'Like most people I lived for a long time with my mother and father. My father liked to watch the wrestling, my mother liked to wrestle; it didn't matter what' Oranges Are Not the Only Fruit
Jeanette Winterson OBE was born in Manchester. Adopted by
Pentecostal parents she was raised to be a missionary. This did and
didn't work out.
Discovering early the power of books she left home at 16 to live in a Mini and get on with her education. After graduating from Oxford University she worked for a while in the theatre and published her first novel at 25. Oranges Are Not The Only Fruit is based on her own upbringing but using herself as a fictional character. She scripted the novel into a BAFTA-winning BBC drama. 27 years later she re-visited that material in the bestselling memoir Why Be Happy When You Could Be Normal? She has written 10 novels for adults, as well as children's books, non-fiction and screenplays. She writes regularly for the Guardian. She lives in the Cotswolds in a wood and in Spitalfields, London.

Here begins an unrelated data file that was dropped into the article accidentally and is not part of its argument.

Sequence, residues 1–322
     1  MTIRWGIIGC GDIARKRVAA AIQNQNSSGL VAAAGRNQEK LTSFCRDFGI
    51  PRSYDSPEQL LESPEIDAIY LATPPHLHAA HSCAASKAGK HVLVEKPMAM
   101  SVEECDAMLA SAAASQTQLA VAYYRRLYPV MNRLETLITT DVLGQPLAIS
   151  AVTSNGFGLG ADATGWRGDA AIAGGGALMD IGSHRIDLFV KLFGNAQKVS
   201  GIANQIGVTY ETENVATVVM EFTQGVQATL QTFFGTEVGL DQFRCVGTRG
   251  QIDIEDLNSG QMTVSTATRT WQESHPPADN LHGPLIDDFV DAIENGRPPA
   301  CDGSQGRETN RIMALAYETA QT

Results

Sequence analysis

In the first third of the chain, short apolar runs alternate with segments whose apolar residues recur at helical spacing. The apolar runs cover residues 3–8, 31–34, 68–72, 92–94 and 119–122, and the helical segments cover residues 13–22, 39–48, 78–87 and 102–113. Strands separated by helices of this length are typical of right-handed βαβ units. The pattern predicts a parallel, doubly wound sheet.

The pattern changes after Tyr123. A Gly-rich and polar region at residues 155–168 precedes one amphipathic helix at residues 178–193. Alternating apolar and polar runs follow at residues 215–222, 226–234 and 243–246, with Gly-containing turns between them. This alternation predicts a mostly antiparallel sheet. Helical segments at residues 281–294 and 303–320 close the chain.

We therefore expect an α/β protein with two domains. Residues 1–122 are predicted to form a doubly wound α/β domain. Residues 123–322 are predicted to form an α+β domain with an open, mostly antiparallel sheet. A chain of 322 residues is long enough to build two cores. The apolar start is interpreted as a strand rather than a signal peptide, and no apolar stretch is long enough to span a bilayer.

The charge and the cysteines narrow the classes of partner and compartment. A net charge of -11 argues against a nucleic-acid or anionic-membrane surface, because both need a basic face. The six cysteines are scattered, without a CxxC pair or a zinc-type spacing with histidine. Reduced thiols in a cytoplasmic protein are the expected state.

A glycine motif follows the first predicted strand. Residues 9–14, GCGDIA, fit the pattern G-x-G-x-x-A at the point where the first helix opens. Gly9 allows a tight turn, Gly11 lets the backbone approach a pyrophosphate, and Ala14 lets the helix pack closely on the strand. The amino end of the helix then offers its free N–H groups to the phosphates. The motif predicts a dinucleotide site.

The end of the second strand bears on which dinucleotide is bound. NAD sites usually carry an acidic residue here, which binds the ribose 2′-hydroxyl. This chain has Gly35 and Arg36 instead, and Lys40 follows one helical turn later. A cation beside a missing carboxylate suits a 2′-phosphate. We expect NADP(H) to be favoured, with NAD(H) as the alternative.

She believes that art is for everyone and it is her mission to prove it.
She is a master of her material, a writer in whom great talent
abides * Vanity Fair *
Many consider her to be the best living writer in this language... In her hands, words are fluid, radiant, humming * Evening Standard *
A novel that deserves revisiting...Winterson maintains a balance of tone, a trueness of voice... It remains one of the finest things Winterson has written * Observer *
Still extraordinary, still brilliant * Metro *
Even at a time when so many good and interesting novels are coming out, hers stand out as performances of real originality and extraordinary promise -- John Bayley
Wonderful rites-of-passage novel... where the author's blossoming Sapphic nature leads her to eschew her mothers proffered favourite -- Mariella Frostrup
It is very funny, with an Alan Bennett sort of humour, beautifully written, quirky and likely to cause much tuttutting in conservative quarters * Daily Mail *
This lesbian coming of age story set in northern England doesn't seem to have aged a bit * The Independent *
An instant classic -- Rosemary Goring * Herald *